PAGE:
I’m honored to have Ms Segilola Salami, host of The Segilola Salami Show and Self Publishing strategist, for this site’s very first, Author Interview. She is also the founder of Segilola Salami Book Club, which yours truly is a member of [check #SegilolaSalamiBC in Twitter for more]
- What encouraged you to become an author? I think of myself as an accidental writer. Writing just sort of fell into my laps. I write the types of books I would like my little girl to read
- What writing habits do you have and how do they help you be more creative or efficient? I don’t think I have any laid out habits per se. As a mom to a one year old, my little girl takes up most of my time. So I find myself writing in the wee hours of the morning when I should be sleeping. What also helps is that scene by scene of what I want to write has played itself several times in my head. So it’s simply a matter of writing it all down in a way that flows then editing and re-editing
- If you were to choose the most inspiring line you have written, what would it be? Death is wicked . . . [Prex: That. Is. Inspiring.]
- If you could have a cup of coffee with a fellow author, who would it be and why? It would have to be Ola Rotimi, he’s one of my favourite authors. I would like to pick his brains on how he felt writing ‘The Gods Are Not To Blame’
- What is your book all about and how did you come up with the idea for the plot? What did you enjoy the most in the process (drafting/writing/editing)? IYetunde: An Ode To My Mother follows baby Yetunde narrating her mother’s ode to her grandmother. My mom is no more and saying I miss her would be a massive understatement. One day I was thinking about her and how she never got to see my daughter even though she was looking forward to being a grandmother. In my head, I had a massive fight with death. I said to death you are wicked . . .Death is wicked, iku ma ni ika. Then I thought to honour my mother by writing a short story dedicated to all mothers. The most enjoyable part was definitely the initial writing. It felt like I was having a midnight chat with my mom like we normally used to. My dad would call me in the morning and ask what my mother and I were talking about in the wee hours that made my mom laugh out loud all the time disturbing the whole house.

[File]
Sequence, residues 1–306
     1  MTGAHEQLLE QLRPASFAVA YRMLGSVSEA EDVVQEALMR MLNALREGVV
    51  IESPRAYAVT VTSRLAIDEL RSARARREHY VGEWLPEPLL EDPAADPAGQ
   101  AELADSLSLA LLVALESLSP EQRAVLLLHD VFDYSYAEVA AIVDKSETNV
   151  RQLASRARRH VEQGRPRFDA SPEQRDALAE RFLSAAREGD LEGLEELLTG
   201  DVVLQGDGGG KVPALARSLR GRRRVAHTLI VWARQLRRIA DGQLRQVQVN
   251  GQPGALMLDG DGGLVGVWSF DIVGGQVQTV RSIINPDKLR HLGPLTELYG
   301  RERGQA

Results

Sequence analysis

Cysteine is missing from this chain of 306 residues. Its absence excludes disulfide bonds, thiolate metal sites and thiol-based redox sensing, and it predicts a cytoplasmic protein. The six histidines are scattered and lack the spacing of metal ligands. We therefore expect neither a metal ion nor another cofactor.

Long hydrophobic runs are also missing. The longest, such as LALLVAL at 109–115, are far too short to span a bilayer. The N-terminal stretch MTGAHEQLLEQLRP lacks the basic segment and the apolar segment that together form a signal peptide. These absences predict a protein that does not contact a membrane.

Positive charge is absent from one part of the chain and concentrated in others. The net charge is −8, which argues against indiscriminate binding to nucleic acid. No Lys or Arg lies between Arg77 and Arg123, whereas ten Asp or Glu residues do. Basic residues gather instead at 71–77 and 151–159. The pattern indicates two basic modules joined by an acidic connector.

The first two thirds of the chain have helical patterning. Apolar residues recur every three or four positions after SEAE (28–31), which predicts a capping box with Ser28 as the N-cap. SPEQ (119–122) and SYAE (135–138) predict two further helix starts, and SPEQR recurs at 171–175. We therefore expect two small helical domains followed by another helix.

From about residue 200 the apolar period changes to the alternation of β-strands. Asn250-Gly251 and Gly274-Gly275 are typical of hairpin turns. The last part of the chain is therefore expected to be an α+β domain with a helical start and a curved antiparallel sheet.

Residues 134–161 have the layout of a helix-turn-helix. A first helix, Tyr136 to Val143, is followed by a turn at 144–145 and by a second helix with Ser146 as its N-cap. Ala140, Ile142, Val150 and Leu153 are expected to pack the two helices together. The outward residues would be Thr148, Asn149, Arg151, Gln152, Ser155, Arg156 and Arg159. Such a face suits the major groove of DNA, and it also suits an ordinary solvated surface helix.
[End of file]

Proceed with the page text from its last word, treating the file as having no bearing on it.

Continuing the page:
You can visit Ms Segilola Salami and get to know her more in http://www.segilolasalami.co.uk/